This is typically how you will first see a cheetah in Mashatu. A family looking out from under the shade of a Shepherd’s tree.Solitary females are particularly vulnerable, with young to feed and defend. Males, on the other hand, are more sociable and often form coalitions of between two and five animals that stay together for life. The coalition gives them the power to defend typical territories of up to 160 square kilometres. Solitary females roam further.
It is not difficult to understand why these amazing, highly specialised predators thrive in Mashatu. There are big open spaces, plenty of small enough prey and enough room for them to use their competitive advantage, their incredible speed when hunting. In a chase, the number of breathing movements accelerates from 16 per minute to 156. But the cheetah cannot run more than about 800 metres or it may overheat. The cheetah cannot expel the accumulated heat rapidly enough and easily overheats.
Cheetahs are specialized hunters and do not have the braun to compete with other larger feline carnivores but they have worked out a way to thrive. Like other large carnivores, cheetahs face habitat loss driven by conversion of wilderness areas into managed land dedicated to agriculture or livestock and people who kill them as they see them as a threat to their livestock, even though cheetahs rarely kill domesticated animals.
“I see a world in the future in which we understand that all life is related to us and we treat that life with great humility and respect.”
~ David Suzuki
Today there are just 7,100 cheetahs left in the wild, according to the new study reported in the Proceedings of the National Academy of Sciences. Their numbers have fallen from an estimated 14,000 cheetahs in 1975, when researchers made the last comprehensive count of the animals across the African continent. The cheetah has been driven out of 91 percent of its historic range.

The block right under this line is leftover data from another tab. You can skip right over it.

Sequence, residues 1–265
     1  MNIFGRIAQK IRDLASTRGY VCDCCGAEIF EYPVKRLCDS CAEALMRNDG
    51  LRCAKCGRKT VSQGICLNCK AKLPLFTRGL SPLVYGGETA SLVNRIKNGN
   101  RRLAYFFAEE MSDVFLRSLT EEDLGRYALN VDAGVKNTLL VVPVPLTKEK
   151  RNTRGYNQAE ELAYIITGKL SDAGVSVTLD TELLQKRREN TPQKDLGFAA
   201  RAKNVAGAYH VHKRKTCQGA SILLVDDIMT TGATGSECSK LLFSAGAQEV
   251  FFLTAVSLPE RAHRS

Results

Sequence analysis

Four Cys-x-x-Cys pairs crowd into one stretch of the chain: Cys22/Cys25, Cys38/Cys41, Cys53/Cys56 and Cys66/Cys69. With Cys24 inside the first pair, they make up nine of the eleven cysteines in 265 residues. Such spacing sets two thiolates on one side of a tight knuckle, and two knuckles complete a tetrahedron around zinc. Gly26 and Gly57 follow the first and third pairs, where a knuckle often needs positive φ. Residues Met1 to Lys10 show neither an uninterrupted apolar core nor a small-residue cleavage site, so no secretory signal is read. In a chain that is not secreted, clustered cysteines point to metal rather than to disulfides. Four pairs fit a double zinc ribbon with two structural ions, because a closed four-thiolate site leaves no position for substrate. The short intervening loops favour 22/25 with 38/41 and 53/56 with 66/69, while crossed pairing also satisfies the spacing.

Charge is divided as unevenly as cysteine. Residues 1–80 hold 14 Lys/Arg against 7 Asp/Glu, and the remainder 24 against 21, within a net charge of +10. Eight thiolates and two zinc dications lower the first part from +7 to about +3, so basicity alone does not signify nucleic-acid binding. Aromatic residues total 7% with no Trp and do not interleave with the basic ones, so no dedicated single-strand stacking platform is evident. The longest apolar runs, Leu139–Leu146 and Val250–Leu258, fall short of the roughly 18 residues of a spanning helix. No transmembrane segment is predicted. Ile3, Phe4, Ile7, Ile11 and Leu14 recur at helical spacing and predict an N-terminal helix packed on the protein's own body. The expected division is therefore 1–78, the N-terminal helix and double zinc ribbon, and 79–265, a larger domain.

These cats once roamed nearly all of Africa and much of Asia, but their population is now confined predominantly to six African countries: Angola, Namibia, Zimbabwe, Botswana, South Africa, and Mozambique. The species is already almost extinct in Asia, with fewer than 50 individuals remaining in one isolated pocket of Iran.
Based on these results, the study authors are calling for the cheetah’s status to be changed from “vulnerable” to “endangered” on the IUCN Red List. (Source: NationalGeographic.com).
“I am in competition with no one. I run my own race. I have no desire to play the game of being better than anyone, in my way, in any shape or form. I just aim to be better than before. That is me , I’m free.”
Explore, seek to understand, marvel at its inter-connectedness and let its be.
My name is Michael Singleton Haworth, nicknamed “Howie”. I was born and raised in Zimbabwe and now live in South Africa. Zimbabwe was a fantastic place for youngsters to grow up, where opportunities abounded to get into the bush. I have two great ‘shamwaris’, Mike Condy and Adrian Lombard, whom I known for around 60 years. All of us have a great love of the bush and birds.